The sex inspector 

Gay sex guru Michael Alvear helped save the marriages of several straight couples, then lost the love of his own life

With a million television viewers in the United Kingdom watching, Michael and Katie sit down on a bed.

Katie is in her mid-20s. But her face is marked by the physical and emotional exhaustion of a long-term relationship with Mark that has grown tense and largely sexless since the birth of their child.

Katie wants her partner to be more assertive in the bedroom, but has to modify her own behavior if it's going to happen. That's why she's with Michael.

Michael is the co-host of "The Sex Inspectors," a reality show that helps struggling straight couples reinvent their sex lives. The show debuted in the U.K. in 2004 and on HBO in the United States in 2005. Cameras in Katie's and Mark's bedroom allowed Michael to study how the couple interacts. Viewing the footage, he easily spotted one of the reasons Katie's partner had become less assertive and affectionate, and he's ready to talk to her about it.

"Can I show you what you do?" Michael asks, after they sit down on the bed.

He invites her to put her arm around him. But as her arm touches his back, he slaps it and turns away.

"I'm not that bad, am I?" she asks, laughing nervously.

"How did that feel?" Michael asks.

"It's just blatantly 'don't touch me' isn't it?"

"What else do you feel?" he asks.

"Rejected, which is kind of sad. It's not a nice feeling."

"It makes you feel hurt, rejected, abandoned and not very loved. Fair?"

"Definitely," she says.

"Can I tell you a secret?"

She nods and Michael leans in to whisper in her ear: "Men have feelings, too."

After spending much of his professional writing career in Atlanta on the fringe as a gay relationship columnist and author, Michael Alvear didn't decide one day to go mainstream. The mainstream came to him.

Alvear, 49, is no longer merely a gay sex and relationships guru. He's a sex and relationships guru who happens to be gay.

He is proud, he says, to be part of a cultural movement that shifted the common perception of gay people away from malicious, hateful stereotypes.

"Queer Eye For The Straight Guy" was a great leap forward, Alvear says, precisely because its central premise became passé so quickly. Gay people advising straight people is now so OK that it's almost dull.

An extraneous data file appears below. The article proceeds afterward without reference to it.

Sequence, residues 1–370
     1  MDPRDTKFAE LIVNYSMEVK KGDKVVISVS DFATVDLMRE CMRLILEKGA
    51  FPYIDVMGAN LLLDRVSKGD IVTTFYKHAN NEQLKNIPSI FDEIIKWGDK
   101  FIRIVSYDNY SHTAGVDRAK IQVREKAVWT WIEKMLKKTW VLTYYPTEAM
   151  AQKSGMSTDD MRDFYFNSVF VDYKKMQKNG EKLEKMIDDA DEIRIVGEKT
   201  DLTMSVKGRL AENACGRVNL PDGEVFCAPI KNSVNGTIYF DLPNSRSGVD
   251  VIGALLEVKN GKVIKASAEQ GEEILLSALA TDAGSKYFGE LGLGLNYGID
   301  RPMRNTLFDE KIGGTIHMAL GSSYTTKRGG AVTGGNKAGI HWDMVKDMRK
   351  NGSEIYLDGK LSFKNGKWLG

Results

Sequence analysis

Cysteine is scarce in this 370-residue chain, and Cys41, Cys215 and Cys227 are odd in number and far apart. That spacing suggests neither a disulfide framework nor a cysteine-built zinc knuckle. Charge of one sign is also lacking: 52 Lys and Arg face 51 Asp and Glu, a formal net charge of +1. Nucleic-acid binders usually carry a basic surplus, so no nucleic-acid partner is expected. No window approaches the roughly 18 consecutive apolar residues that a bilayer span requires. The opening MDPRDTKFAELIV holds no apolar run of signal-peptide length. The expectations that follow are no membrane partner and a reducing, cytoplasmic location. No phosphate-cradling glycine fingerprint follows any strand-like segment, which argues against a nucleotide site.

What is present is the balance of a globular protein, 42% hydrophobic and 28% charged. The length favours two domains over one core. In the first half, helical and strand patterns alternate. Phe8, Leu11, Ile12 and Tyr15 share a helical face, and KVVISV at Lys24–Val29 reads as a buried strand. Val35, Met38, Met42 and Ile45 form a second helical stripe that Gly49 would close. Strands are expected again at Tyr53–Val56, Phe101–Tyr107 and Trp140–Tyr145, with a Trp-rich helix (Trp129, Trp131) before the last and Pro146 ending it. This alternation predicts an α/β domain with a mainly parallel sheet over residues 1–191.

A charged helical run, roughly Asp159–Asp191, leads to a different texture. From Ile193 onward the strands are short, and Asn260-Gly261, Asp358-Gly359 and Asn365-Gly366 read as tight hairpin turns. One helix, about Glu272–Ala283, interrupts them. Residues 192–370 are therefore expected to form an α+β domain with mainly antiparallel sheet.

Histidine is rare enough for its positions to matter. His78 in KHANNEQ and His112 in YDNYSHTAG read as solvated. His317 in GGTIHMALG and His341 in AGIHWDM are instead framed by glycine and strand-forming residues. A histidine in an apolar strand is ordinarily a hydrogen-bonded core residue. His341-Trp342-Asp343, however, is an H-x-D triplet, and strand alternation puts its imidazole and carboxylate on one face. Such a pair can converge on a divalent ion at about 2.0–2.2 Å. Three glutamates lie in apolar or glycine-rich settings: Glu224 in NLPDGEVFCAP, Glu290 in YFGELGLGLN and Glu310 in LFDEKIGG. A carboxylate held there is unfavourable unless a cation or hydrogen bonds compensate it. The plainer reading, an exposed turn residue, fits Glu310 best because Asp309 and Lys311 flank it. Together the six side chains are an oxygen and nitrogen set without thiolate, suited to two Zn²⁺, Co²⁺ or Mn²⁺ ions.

Alvear, however, has just relearned the painful lesson that even though he may be a mainstream figure whose work appeals to both straights and gays, he's still ostracized in many essential ways from the straight world.

While in London, Alvear met the man he considers the love of his life. They want to build a life together in Atlanta. The only way Alvear's boyfriend can get a visa to stay in the United States is through marriage. But because they're in a same-sex relationship, they can't legally marry.

The striking difference between the two worlds hit home recently when Alvear was in a dressing room preparing for a television appearance. He overheard a woman talking about falling in love with a Brit. "I met the most wonderful British guy," she said. "I married him and now he can work here."

It was a wrenching conversation for Alvear to hear. "Isn't it rich?" he asks. "I've helped so many straight people improve their love lives and yet it's straight policy that has ruined mine."

The gimmick for "The Sex Inspectors" was simple, yet provocative. The show was hosted by Alvear and Tracey Cox, a sex and relationships expert from the United Kingdom who advised foundering straight couples on how to improve their sex lives. Cox -- a straight woman -- most often coached the men on how to relate to women, while Alvear -- a gay man -- coached the women on how to relate to men.

The show was critically acclaimed in the U.K. "If only all makeover programs were so worthwhile," wrote the Times of London of the show in November 2004. "Though moralists will yelp, some people may genuinely be helped," wrote the Guardian.

Each week, the show featured footage of couples, like Mark and Katie, who agreed to install cameras in their homes so the show's producers, co-hosts and the viewing audience could watch them interact behind closed doors.

Viewers saw the couples watching TV on the couch, doing (or not doing) the dishes, playing with their kids, and having sex in their bedrooms.

Or at least attempting to have sex.

The act itself, as seen on the show, was usually fraught and miserable. And unless watching likable, well-intentioned people in emotional pain turns you on, it isn't especially voyeuristic.

It's graphic reality without ever being prurient. The climax of most episodes wasn't erotic; it was emotional. The satisfaction of watching the show came from seeing hope in the couples who seemed miserable and depressed when the episode started.


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